Law @ Magdalen, Oxford in 2018

Interview format

1x 2 hr Skype interview

Interview content

Personal statement, motivations, case given beforehand

Best preparation

Have a practice run of your subject test.

Advice in hindsight


Final thoughts

Show you can write and construct arguments well through your personal statement and LNAT essay.

Remember this advice isn't official. There is no guarantee it will reflect your experience because university applications can change between years. Check the official Cambridge and Oxford websites for more accurate information on this year's application format and the required tests.

Also, someone else's experience may not reflect your own. Most interviews are more like conversations than tests and like, any conversation, they are quite interactive.

Interview Format

Test taken: LNAT

Number of interviews: 1

Skype interview: Yes

Length of interview: about 2 hours

What happened in your interview? How did you feel?

I was asked about my personal statement, the course I chose, and the case which I was assigned an hour prior. There was no particular theme that I can identify. I was asked reading comprehension questions regarding the case I was given.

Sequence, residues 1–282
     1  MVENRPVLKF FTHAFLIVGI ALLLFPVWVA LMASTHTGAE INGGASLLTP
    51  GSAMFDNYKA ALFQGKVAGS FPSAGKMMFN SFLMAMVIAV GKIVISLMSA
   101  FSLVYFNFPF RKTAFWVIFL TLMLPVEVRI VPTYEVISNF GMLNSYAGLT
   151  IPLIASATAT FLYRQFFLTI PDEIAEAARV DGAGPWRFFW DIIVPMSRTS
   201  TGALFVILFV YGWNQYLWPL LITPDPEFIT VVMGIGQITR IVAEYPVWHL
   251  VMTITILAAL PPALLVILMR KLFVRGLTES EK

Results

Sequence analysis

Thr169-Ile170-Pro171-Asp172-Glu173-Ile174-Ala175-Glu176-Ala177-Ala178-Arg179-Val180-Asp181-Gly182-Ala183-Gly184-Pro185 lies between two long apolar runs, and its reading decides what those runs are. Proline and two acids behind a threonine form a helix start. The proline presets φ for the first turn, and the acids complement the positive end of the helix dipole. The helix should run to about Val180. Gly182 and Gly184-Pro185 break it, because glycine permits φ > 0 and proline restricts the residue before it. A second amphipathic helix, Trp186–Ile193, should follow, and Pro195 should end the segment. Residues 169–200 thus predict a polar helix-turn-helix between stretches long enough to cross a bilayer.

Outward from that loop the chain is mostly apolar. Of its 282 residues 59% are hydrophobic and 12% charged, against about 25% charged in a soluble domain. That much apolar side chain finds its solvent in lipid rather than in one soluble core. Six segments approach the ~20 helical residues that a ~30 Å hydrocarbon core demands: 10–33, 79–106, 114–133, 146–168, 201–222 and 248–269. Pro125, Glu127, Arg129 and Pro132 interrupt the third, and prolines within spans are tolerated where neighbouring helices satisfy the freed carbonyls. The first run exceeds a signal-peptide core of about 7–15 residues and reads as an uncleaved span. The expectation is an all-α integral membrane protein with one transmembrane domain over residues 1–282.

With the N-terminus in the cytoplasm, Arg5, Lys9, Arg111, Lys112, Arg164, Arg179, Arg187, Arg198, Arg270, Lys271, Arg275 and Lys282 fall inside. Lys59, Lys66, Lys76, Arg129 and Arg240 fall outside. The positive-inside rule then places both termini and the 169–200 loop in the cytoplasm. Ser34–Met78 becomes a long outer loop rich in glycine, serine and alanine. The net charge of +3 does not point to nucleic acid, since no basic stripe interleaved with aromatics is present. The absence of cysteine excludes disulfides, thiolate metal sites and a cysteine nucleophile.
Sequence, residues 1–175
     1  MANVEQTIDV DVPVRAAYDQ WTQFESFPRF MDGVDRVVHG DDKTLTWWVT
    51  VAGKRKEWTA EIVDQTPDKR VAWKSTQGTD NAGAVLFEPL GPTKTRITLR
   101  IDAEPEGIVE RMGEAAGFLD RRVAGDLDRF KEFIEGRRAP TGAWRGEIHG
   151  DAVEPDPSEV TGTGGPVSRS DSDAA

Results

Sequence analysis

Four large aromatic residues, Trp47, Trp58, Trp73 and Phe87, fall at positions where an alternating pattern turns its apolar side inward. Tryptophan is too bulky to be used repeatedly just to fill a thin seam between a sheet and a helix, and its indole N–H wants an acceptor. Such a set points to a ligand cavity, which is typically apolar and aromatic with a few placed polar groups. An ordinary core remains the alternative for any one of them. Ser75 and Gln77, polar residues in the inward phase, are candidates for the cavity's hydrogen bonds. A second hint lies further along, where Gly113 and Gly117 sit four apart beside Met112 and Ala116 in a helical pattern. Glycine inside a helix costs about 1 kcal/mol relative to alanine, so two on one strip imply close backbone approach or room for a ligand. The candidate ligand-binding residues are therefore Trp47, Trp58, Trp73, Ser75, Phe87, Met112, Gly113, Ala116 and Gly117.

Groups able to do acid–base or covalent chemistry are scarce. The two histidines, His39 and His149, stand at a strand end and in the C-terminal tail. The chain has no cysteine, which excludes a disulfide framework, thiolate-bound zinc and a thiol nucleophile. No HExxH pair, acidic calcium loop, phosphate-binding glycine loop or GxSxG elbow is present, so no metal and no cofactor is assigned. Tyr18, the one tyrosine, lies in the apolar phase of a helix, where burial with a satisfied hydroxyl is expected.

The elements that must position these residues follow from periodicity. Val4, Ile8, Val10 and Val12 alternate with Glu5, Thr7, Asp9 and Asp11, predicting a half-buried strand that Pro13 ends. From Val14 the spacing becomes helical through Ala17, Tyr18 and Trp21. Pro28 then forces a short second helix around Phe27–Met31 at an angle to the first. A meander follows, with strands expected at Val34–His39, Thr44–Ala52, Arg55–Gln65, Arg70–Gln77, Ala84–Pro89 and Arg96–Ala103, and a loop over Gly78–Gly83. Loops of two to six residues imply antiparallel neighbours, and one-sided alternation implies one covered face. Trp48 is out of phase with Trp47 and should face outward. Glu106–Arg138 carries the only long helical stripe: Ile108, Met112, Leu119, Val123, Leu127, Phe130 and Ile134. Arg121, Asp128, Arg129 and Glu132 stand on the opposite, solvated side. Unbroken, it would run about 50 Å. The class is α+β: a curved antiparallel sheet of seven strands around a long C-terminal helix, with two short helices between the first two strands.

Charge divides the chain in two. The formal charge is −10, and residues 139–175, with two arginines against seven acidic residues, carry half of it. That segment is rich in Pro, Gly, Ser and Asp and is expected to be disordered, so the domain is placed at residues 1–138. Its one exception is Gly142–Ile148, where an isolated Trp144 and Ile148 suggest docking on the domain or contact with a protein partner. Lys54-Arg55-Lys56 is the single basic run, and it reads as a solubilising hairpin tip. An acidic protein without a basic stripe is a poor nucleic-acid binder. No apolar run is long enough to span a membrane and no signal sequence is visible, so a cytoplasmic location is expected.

I was very, very nervous throughout. Atmosphere (for me) was tense even though it was a Skype interview.

How did you prepare?

I took the test in a previous test cycle so that I could get a practice in under real exam conditions but without a score that would affect my applications. This was probably the best thing I did.

Make sure you can do well on your subject test. Have practice runs of everything. I think this allowed me to relax more and do better in my test.

Looking back, what advice would you give to your past self?

If you're taking law, the most important thing about your personal statement is to show that you can write. Don't neglect the other aspects, but eloquence is a priority. In the same vein, make sure you do your essay portion of the LNAT carefully, it'll show that you can construct arguments well and think critically. The tutors want to find students they would like to teach, but, even more importantly, students that can competently pass their course.